Holiday Entertaining Guide - Page 33 - A sweeter Hanukkah

Holiday Entertaining Guide
- Page 33
A sweeter Hanukkah
Not long ago, sufganiyot were almost unknown in the United States. At Hanukkah, Jews ate potato latkes, brisket (because brisket is traditional for pretty much all holiday meals) and maybe a couple of those little coins made out of chocolate.

But that was when Hanukkah was a relatively unimportant event. Because it comes around at about the same time as Christmas, it has come to be treated as if it were a major holiday.

And a major holiday needs more than just potato pancakes, an inexpensive cut of meat and a bit of chocolate. So sufganiyot— basically, they are jelly doughnuts—made their way to these shores from Israel, where they are very popular.

The reason for eating sufganiyot (soof- GAHN-(i)yoat) for Hanukkah is the same as latkes:They are fried in oil. Hanukkah celebrates a miracle involving oil—when Jewish rebels entered the Second Temple, which they had liberated from the Seleucid Empire in 165 B.C., they found only enough oil to light the candelabra for one day. But according to legend, the lights stayed lit for eight days until more oil could be procured.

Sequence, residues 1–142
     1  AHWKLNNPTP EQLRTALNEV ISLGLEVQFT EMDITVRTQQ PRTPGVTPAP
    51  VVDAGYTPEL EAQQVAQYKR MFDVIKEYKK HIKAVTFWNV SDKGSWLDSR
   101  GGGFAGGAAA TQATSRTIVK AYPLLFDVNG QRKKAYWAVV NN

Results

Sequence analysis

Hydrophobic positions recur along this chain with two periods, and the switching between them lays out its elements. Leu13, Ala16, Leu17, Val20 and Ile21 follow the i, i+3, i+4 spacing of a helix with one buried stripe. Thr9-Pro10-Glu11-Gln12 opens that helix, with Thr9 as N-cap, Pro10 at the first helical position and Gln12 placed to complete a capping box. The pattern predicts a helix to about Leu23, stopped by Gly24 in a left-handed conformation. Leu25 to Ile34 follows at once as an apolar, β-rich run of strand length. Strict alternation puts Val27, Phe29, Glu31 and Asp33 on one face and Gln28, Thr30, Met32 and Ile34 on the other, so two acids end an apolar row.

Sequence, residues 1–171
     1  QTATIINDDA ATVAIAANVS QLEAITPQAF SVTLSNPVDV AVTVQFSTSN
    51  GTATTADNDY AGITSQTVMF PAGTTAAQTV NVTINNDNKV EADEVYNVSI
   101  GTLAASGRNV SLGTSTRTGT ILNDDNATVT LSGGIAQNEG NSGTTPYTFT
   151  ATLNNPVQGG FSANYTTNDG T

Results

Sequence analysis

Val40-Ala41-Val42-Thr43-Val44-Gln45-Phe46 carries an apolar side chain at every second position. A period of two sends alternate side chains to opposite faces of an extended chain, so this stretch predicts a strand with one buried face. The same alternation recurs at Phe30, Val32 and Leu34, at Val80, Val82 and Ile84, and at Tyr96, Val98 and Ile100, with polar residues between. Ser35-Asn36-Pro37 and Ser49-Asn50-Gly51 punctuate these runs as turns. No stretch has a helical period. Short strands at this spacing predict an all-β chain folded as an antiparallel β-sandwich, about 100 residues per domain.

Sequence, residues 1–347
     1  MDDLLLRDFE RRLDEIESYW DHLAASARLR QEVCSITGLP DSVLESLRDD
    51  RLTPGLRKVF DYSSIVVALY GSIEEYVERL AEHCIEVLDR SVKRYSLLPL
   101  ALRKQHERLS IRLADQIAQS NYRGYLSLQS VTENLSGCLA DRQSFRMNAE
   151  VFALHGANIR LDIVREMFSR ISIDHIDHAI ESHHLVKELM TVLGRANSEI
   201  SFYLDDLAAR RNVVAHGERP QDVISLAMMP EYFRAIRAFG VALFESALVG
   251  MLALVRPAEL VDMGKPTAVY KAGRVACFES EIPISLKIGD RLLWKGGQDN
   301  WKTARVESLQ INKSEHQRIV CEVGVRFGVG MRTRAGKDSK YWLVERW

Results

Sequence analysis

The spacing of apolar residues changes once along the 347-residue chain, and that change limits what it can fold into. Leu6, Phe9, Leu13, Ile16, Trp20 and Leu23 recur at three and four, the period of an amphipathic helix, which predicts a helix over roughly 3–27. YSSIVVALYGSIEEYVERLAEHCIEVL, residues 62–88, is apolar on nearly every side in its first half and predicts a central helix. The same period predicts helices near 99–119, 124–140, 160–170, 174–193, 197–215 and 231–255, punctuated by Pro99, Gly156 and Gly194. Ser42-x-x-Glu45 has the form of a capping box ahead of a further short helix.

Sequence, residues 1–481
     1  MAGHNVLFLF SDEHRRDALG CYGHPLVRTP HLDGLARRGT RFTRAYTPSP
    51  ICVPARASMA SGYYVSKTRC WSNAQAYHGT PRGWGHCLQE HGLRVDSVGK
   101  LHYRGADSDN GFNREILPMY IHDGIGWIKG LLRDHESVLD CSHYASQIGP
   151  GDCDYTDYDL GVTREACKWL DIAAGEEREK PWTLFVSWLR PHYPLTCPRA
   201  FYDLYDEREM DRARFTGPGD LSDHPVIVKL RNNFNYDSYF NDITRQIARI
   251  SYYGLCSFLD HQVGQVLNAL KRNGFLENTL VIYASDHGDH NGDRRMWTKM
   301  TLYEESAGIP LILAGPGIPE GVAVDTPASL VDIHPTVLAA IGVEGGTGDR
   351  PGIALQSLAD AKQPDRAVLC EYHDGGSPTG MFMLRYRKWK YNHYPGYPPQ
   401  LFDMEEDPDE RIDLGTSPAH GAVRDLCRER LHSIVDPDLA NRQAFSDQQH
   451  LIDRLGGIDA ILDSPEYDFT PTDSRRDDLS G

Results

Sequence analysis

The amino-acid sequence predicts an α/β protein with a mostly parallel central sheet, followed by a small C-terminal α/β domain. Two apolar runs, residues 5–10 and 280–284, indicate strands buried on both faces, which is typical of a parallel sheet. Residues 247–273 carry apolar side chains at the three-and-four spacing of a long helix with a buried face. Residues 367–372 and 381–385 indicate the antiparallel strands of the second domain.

Over a couple of millennia, this story has come to be celebrated by eating fried foods. So why not doughnuts? Especially after Polish Jews settled in Israel, bringing with them the traditional Polish doughnut called pazcki, which some believe is the origin of sufganiyot.

As with all jelly doughnuts, sufganiyot consist of two parts, the jelly part and the